• Baljit Khamba, ND, M.PH

Food and Mood: Mozambique's influence on happiness


Of all the days and times in the week, Sunday mornings are my favourite. Situated at the peak of my weekend relaxation, it's the perfect opportunity to do any one of my many Sunday morning rituals. One of them being, the local farmer's markets of San Diego. Here I get to reconnect with the vendors, talk to one of my many farmer's market-made friends, and best of all, dazzle my tastebuds with the plethora of flavours that find themselves on display at the food counters. While most try foods for the taste, the novelty and caloric value, I look at food in another way. Particularly, I wonder 'How will this food either help my mood or worsen it'. Meaning, what is the brain-value of this food?

Our brain is the most metabolically active organ in our body. It requires a ton of nutrients, calories, fat, and protein to make it function. Without which, it cannot make those essential emotion communicators, known as neurotransmitters. This awareness is important not only for those who may experience depression or anxiety, but also for focus, attention, stress, insomnia, and so on. In many industrialized nations, like North America, meals have evolved to be processed, hormone/pesticide ridden, fried, and generally toxic. As a result, people are consuming these energy dense but nutrient poor foods. Essentially, they are starving their brain at the expense of high calorie 'meals'. A brain that's doesn't have a steady supply of nutrients cannot make neurotransmitters contributing to focus, calmness, happiness. However, whole foods, consciously sourced, and prepared in a way to retain their nutrients can help improve one's mood, maintain attention, and even improve sleep quality. So, I decided to write about some of my inner workings on the brain/nutrient contribution of foods I come across in my everyday culinary explorations.

This week, I took a trip around the world to Mozambique via the La Jolla's farmer's market scene and got a tantalizing sample of some of their succulent delights!

Half-past nine in the morning, starving, and venturing from one food stall to another, sampling the entire way; I was trying not to fill up on too much guacamole or quinoa bread, before I had the opportunity to choose my meal. Suddenly, I was stopped in my tracks, caught by an alluring aroma. Scent of warm chilli spices bubbling in coconut milk surrounded and beckoned me. With my mouth watering, I was lead to Sabor Piri Piri Kitchen (www.saborpirpirikitchen.com) and greeted by smiling Candido Gadaga, who was cooking his various Mozambique dishes.

This beautiful coastline southeast African country was a former Portuguese colony, and rich with cultural diversity and history. Which were all portrayed through their scrumptious local cuisine. Tempted to order everything off the menu, I was told if I couldn't decide on one, I could combine a couple of the meals into one. So, I chose the broccoli and sweet potato curry, and lentils with cabbage (all vegan). Both curries were on either side of the boxed container with basmati rice in the middle, acting as the divider. What a delight!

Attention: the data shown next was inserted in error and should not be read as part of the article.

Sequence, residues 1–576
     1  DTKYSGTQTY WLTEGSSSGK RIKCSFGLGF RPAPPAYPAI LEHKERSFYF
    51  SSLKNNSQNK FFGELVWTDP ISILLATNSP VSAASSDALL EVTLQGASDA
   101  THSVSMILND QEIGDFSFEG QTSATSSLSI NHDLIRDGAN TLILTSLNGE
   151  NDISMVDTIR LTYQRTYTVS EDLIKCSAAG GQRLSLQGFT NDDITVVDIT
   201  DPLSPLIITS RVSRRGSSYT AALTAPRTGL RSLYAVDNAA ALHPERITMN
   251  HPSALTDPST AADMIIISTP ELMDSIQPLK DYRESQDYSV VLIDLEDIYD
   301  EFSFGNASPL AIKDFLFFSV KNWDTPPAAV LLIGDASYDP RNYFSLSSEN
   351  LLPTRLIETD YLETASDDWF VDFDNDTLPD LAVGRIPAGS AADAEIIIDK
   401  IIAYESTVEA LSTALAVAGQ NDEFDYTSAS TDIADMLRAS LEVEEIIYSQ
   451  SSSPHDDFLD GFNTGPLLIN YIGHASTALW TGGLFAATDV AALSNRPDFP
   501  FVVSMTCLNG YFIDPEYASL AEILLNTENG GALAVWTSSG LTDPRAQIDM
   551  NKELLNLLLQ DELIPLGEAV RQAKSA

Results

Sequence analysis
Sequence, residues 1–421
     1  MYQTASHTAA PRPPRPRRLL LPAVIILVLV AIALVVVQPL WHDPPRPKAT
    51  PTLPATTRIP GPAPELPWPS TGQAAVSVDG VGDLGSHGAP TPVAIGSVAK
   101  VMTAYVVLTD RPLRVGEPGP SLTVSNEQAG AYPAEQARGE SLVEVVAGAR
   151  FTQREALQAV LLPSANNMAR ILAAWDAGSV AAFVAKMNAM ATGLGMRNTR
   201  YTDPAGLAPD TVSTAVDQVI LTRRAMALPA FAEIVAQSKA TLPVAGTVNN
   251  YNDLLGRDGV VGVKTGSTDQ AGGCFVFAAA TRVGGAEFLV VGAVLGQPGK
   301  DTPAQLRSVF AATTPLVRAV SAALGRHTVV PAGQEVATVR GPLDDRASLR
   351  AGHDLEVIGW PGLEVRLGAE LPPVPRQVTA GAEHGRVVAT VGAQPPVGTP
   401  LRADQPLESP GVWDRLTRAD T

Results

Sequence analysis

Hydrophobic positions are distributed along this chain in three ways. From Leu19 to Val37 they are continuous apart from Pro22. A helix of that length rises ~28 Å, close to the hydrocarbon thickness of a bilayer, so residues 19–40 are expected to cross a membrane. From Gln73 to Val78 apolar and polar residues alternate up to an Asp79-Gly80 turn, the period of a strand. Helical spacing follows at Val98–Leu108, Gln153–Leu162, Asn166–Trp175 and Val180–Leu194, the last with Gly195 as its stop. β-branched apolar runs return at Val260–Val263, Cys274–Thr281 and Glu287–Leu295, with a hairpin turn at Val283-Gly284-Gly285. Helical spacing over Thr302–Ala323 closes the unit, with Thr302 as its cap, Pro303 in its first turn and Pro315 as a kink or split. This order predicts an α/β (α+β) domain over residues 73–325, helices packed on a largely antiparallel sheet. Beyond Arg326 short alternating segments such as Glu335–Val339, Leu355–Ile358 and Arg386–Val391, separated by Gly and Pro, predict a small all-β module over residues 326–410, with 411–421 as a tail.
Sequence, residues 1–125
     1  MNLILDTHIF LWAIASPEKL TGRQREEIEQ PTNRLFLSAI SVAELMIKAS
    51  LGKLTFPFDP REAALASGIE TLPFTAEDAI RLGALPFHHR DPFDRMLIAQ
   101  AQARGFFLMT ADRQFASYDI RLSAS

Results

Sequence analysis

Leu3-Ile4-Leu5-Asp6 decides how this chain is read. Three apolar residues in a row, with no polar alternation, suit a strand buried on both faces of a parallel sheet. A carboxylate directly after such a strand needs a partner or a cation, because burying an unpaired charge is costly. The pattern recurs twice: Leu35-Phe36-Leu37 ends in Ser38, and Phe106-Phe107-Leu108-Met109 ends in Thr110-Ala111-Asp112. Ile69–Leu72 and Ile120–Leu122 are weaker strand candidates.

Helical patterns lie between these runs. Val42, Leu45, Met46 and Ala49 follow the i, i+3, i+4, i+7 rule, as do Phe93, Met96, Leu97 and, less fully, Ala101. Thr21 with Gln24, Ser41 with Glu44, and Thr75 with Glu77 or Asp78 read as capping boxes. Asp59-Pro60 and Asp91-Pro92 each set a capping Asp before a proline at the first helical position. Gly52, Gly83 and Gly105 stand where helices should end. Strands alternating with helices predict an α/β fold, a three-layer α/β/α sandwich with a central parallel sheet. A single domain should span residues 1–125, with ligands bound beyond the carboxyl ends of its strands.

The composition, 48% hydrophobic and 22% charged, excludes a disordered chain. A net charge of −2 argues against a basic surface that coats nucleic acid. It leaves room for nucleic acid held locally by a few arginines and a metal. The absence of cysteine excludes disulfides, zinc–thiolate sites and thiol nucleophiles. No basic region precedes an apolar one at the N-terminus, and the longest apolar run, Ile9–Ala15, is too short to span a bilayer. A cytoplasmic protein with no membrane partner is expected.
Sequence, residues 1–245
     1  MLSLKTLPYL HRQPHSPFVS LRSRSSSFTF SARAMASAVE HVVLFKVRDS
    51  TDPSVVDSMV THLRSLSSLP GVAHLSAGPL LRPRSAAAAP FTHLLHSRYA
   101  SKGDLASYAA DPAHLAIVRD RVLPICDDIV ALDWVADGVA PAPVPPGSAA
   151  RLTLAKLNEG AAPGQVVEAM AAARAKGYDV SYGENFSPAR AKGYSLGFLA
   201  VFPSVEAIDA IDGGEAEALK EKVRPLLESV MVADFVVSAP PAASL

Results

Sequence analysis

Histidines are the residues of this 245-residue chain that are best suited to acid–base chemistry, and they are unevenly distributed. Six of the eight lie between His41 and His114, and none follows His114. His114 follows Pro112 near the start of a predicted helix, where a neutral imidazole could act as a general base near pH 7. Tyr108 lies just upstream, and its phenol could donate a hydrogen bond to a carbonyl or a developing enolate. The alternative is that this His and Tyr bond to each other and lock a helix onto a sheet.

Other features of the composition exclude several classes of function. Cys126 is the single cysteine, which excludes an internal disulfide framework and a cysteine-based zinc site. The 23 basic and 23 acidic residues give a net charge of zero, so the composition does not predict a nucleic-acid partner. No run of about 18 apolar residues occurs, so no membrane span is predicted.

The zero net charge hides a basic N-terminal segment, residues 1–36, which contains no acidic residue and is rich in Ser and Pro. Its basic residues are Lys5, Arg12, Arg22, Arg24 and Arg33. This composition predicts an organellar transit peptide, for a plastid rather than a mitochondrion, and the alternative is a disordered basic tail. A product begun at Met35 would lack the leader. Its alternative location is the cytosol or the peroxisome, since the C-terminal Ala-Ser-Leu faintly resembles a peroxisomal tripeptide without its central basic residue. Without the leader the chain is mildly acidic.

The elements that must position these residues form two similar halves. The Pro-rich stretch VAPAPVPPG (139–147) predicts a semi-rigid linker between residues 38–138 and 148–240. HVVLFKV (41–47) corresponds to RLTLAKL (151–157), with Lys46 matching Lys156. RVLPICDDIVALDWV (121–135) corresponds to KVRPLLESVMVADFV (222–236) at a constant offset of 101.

After saying my goodbyes to Candido, I eagerly headed over to the picnic tables to dive into my meal and see how this added up from a mood perspective. After my first bite into the sweet potato and coconut curry, I felt like I could taste all of Mozambique's historical influences. This tomato based curry, has the undertones of coconut, peanut and turmeric with the aromatic flavours of paprika and curry powder. The lentil and cabbage had a more earthy palate which reminded me of my mom's Indian daal, but decorated with squares of stewed cabbage.

So, aside from the delicately crafted combination of flavours, I took a further look to see how this would add up from a mood perspective. The main factors I was analyzing for were whether the nutrient make-up of the food can help a person's mood. The first curry had a good fats from the coconut milk, the antioxidants and anti-inflammatory effect of turmeric and paprika, energy coming from the sweet potato, the broccoli contributed fibre and mood boosting nutrients, like calcium, and some protein from the peanuts. Overall, it was a good mix from a brain health perspective. Some extra protein with that meal would have rounded it out nicely, which is where the second curry, the lentil and cabbage came in (otherwise you can choose one of the many meat-based meals). This curry offered a ton of valuable mood enhancing B-vitamins, calcium, and protein for the brain. The curries were combined with the basmati rice, which supercharged the meal, to deliver a ton of energy and promote the happiness neurotransmitter, serotonin and dopamine.

I encourage you to try out Sabor Piri Piri Kitchen. Candido was very knowledgeable and friendly. He had a variety of selections on his menu, and I'm glad for the ability to combine the meals (which costs $9). I felt like I had travelled the world in that meal. I look forward to seeing where my next culinary exploration will take me!

#FoodandMood #Food #Nutrition #MentalHealth #Travelandfood

info@foodandmood.co

647-955-4664

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